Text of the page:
To make a lighter coleslaw dressing that still has a rich mouthfeel, make an emulsion with the oil and vinegar. The base ingredients like apple cider vinegar, lemon juice, honey, dijon mustard, celery seeds, salt, and pepper are first whisked together until smooth. It has a pungent sweet and sour taste but the consistency is thin, not great to add to the vegetables.

To successfully make the emulsion, slowly add in the extra-virgin olive oil, while vigorously whisking. Patience is key, if you’re tempted to dump in the fat all at one time, it will not thicken properly. The dressing will look opaque and have a thicker consistency.

whisking a vinegar-based dressing

Combining the vinegar-based coleslaw

First, toss the cabbage and carrots together in a large bowl. Drizzle about half of the dressing on top and toss to combine. I like to taste a few shreds to see if it’s coated enough, then I prefer to give others the option to add more on top later.

It’s best to serve this dish right away if you like a super crispy texture. The longer the cabbage marinates in the vinegar, the more water will be extracted from the leaves and dilute the flavor of the dressing.

Can this recipe be made in advance?

Yes, the shredded vegetables can be prepared up to 5 days in advance and stored in an airtight container in the refrigerator. However, it’s best not to make the dressing until right before serving to keep dressing emulsified.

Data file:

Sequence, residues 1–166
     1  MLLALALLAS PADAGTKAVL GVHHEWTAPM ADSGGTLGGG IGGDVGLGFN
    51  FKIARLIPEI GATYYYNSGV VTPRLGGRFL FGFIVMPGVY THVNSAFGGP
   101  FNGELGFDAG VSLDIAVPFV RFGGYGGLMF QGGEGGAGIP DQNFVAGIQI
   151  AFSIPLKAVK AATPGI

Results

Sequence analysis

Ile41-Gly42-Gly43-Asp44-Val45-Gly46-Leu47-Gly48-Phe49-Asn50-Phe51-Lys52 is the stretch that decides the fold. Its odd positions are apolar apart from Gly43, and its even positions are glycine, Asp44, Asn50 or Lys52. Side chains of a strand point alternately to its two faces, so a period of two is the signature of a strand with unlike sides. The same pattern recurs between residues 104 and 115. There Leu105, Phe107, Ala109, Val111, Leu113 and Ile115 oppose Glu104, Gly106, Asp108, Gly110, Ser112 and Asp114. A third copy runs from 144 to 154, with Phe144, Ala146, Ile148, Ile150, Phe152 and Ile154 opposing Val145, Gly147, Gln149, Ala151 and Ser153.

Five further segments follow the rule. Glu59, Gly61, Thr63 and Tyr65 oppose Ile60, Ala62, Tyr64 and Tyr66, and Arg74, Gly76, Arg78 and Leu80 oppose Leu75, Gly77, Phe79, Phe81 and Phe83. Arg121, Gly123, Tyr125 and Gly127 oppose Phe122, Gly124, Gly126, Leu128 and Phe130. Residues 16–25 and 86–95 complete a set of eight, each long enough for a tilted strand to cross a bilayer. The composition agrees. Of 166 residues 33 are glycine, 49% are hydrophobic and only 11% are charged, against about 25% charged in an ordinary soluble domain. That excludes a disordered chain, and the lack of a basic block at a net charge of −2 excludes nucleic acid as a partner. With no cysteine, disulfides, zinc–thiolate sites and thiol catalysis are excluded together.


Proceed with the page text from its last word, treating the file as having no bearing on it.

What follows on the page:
What to serve with the coleslaw

Colorful shreds of vegetables in a bowl

When to make the dressing for the best taste

Whisking the vinegar-based dressing makes a temporary emulsion. After a few hours, the fat droplets will coalesce back together causing the dressing to separate. Adding Dijon mustard helps to prolong this separation as it contains a complex polysaccharide component to help with emulsification, but it’s only short-lived. It’s best to make the dressing right before serving to ensure the mixture stays together.

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Vinegar Coleslaw

Easy vinegar coleslaw made with shredded vegetables and a sweet tangy dressing. It’s a lighter version of the classic recipe without sacrificing on flavor.
Pin Print Review
4.28 from 11 votes
Prep Time25 mins
Cook Time0 mins